I have crate-trained and toilet-trained Molly now (thank ****!) and I'm probably going to arrange for the trainer to come round next week. I still haven't decided which guy to choose.:rolleyes:
     
  6. Wolfie

    Wolfie World Class Member

    Just go with your gut feeling. And don't let a trainer take them to his place to train. While 99% of them are probably fine, I've heard horror stories about the remaining 1%. I know someone whose dog died because a trainer treated his separation anxiety the wrong way. (That's why he was sent to stay with the trainer.)
     
  7. Moll Flanders

    Moll Flanders Hopeful...

    Location:
    UK
    ^ How did the dog die?:(

    We just had our first session today and it went well. My Chihuahua behaved like a little angel and the JR was a bit stubborn and even the trainer had trouble handling her at times and he said it is her we need to work on the most. We took them for a walk in a lively street area that I usually avoid and it was the most relaxing walk I've had with them! There were schoolkids kicking cans down the street, shoppers, people on bikes and they didn't even bark at anyone. The only time the Chi barked was when a huge Rottweiler walked past us.

    The trainer didn't charge us as it was an initial session and he must have spent over two hours with us. It was all very positive. He showed us photos on his mobile phone of other dogs he has worked with like a Pit Bull who was brought to him as the owner thought he had problems. It was so cute as the Pit bonded with a tiny Chi and then they were rehomed together.
     
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  8. Wolfie

    Wolfie World Class Member

    The necropsy showed he died from stomach torsion. So I guess technically the trainer didn't kill the dog. While bloat could have happened anyway, especially with the dog's breed, it was in all likelihood related to being locked in a crate and left alone. Extreme stress can bring it on. Many, many dogs with SA cannot handle closed-in places. And he never should have been left overnight alone. To treat separation anxiety you start with leaving for seconds at a time and work your way up. The dog also had broken teeth from trying to chew his way out. This was a young, large dog so his teeth were in good shape. He just plain lost his marbles. And I'm not sure the trainer had any marbles to begin with. The guy felt awful but seriously, it was totally the wrong way to go about curing SA.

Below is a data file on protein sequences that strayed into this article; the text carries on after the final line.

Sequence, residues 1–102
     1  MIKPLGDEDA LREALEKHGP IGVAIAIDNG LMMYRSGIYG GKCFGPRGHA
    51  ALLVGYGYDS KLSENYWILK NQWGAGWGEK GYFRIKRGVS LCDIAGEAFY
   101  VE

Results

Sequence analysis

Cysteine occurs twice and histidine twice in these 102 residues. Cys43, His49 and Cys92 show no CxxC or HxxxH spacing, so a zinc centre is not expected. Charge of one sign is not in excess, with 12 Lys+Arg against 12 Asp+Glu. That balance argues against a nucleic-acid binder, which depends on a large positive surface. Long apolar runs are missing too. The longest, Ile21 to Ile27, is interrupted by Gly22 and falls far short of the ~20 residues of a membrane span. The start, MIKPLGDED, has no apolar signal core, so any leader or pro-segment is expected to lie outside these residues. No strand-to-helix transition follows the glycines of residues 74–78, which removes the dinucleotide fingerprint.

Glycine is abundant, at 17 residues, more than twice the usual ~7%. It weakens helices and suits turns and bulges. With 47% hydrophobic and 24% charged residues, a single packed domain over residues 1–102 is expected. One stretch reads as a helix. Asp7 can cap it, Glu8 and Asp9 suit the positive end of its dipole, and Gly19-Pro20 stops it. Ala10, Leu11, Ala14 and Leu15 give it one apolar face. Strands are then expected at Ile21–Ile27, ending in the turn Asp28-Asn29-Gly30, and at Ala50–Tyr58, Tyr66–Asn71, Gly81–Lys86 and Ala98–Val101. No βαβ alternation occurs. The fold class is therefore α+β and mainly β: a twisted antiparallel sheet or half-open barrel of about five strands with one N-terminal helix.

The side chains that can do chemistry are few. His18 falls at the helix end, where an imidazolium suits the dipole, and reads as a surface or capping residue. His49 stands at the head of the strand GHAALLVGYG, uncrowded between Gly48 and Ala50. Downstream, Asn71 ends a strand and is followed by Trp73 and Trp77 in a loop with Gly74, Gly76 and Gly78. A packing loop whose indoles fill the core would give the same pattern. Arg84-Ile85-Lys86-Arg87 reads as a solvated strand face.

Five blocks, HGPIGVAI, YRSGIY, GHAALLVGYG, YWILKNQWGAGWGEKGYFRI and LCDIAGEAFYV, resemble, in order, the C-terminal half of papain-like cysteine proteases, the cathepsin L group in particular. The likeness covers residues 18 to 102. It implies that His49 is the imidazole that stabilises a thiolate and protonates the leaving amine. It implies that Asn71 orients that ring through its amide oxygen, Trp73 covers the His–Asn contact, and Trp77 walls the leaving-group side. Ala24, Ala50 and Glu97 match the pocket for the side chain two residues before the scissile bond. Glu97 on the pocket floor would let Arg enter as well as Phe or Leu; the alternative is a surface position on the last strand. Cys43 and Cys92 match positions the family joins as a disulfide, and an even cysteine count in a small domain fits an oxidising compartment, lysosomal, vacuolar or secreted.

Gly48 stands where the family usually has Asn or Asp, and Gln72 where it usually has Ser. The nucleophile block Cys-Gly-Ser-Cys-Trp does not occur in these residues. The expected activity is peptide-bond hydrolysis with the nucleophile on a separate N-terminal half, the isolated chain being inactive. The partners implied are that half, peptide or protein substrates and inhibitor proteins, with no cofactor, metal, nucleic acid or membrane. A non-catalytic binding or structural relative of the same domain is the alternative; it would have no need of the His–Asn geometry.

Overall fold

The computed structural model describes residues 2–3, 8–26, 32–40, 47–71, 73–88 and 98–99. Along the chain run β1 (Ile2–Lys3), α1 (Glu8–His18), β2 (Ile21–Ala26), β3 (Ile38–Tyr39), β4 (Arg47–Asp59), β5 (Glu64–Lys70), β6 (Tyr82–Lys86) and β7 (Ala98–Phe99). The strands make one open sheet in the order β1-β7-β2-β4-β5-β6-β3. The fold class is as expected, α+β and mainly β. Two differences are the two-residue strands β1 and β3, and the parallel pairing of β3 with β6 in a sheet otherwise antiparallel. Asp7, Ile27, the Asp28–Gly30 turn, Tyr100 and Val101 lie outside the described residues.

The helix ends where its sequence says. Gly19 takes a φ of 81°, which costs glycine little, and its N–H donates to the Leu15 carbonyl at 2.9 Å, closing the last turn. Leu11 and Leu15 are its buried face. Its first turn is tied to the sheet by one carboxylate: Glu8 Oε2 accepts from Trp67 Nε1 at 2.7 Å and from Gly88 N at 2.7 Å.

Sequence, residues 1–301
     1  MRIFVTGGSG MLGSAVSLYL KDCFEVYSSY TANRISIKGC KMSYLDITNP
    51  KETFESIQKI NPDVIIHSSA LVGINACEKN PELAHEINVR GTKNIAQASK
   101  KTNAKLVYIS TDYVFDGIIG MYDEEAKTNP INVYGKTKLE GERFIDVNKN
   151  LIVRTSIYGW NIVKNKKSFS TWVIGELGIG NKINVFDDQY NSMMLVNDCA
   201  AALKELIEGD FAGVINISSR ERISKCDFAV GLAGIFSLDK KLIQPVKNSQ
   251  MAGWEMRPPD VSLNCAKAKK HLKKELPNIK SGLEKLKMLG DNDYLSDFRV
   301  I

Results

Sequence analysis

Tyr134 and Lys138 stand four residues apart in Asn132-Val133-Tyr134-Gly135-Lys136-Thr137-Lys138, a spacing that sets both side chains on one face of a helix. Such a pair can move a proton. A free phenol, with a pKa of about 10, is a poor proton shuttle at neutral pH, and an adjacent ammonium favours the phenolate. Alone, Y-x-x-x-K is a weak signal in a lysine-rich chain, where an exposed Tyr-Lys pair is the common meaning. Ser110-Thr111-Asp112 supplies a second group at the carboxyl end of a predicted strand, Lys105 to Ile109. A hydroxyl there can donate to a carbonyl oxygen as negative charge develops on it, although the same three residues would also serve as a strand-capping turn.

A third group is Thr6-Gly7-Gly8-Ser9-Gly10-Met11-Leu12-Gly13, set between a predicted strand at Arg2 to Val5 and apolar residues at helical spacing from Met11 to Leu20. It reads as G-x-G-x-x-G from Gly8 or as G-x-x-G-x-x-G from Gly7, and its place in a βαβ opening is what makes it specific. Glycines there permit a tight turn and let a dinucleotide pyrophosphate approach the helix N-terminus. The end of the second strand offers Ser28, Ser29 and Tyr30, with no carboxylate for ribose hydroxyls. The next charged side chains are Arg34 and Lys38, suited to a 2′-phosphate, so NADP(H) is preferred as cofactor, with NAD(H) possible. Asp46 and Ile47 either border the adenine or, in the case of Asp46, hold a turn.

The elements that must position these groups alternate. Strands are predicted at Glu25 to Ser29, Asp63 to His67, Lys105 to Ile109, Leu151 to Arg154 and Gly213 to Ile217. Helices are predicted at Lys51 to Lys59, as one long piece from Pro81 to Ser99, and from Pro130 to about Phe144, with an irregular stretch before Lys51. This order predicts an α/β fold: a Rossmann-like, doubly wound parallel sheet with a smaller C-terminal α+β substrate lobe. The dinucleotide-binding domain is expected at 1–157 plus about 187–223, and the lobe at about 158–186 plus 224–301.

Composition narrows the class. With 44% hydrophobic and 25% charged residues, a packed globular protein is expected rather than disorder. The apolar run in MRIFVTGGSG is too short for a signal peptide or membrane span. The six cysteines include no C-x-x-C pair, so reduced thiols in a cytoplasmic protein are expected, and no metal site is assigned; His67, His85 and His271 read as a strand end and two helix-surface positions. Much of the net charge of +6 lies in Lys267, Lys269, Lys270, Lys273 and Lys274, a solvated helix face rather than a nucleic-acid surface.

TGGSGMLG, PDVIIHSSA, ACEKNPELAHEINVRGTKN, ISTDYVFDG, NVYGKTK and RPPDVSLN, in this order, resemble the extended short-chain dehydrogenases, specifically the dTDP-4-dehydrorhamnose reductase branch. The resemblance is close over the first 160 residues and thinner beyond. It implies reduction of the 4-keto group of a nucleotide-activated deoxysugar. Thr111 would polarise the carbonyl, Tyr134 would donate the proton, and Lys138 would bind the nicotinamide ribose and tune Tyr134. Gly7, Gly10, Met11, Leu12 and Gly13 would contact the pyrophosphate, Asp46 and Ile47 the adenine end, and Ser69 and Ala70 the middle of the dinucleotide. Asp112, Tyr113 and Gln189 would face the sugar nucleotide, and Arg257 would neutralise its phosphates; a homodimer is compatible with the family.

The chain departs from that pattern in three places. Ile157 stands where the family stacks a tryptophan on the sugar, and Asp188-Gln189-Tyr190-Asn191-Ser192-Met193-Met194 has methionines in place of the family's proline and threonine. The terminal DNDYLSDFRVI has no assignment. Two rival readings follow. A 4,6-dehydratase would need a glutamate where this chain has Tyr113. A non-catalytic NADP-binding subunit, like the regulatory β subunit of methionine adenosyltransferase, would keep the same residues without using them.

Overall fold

From you description sounds like you got an awesome trainer! :)
     
  9. Moll Flanders

    Moll Flanders Hopeful...

    Location:
    UK
    The trainer has been excellent so far and it has worked so much more then when I tried the other training methods. He thinks my JR is dominant and she is like a different dog for us after his instruction.

    Awful.:(
     
  10. Amy SF

    Amy SF Dweller in nature

    Dog Whisperer Cesar Millan Is Under Investigation for Animal Cruelty

    ...and the comments on this story are absolutely appalling.

    *WARNING: GRAPHIC IMAGES IN THE COMMENT SECTION*

    ETA: What kind of sick asshole puts a dog that has been known to kill a couple of pigs next to another pig and thinks the pig will be safe? I wouldn't mind booting this creep off the air.
     
  11. Moll Flanders

    Moll Flanders Hopeful...

    Location:
    UK
    That is so funny to read now as I remember that walk with my dogs so clearly! :p

    I think the first trainer I used was okay, although we did go for a group trainer after that. I thought my dogs acted very weirdly when I first adopted them, but I think both of the dog trainers helped me understand the behaviour of dogs better. I was so used to felines before that.

    ETA - the second trainer I used really wasn't a fan of Cesar Millan.

    :(
     
    Last edited: Mar 11, 2016
  12. I watched that show once and cringed. I didn't like the way he acted around the animals. Plus those stabby collars.
     
  13. Moll Flanders

    Moll Flanders Hopeful...

    Location:
    UK
    I'm not absolutely sure, but think the non-humane collars are banned over here.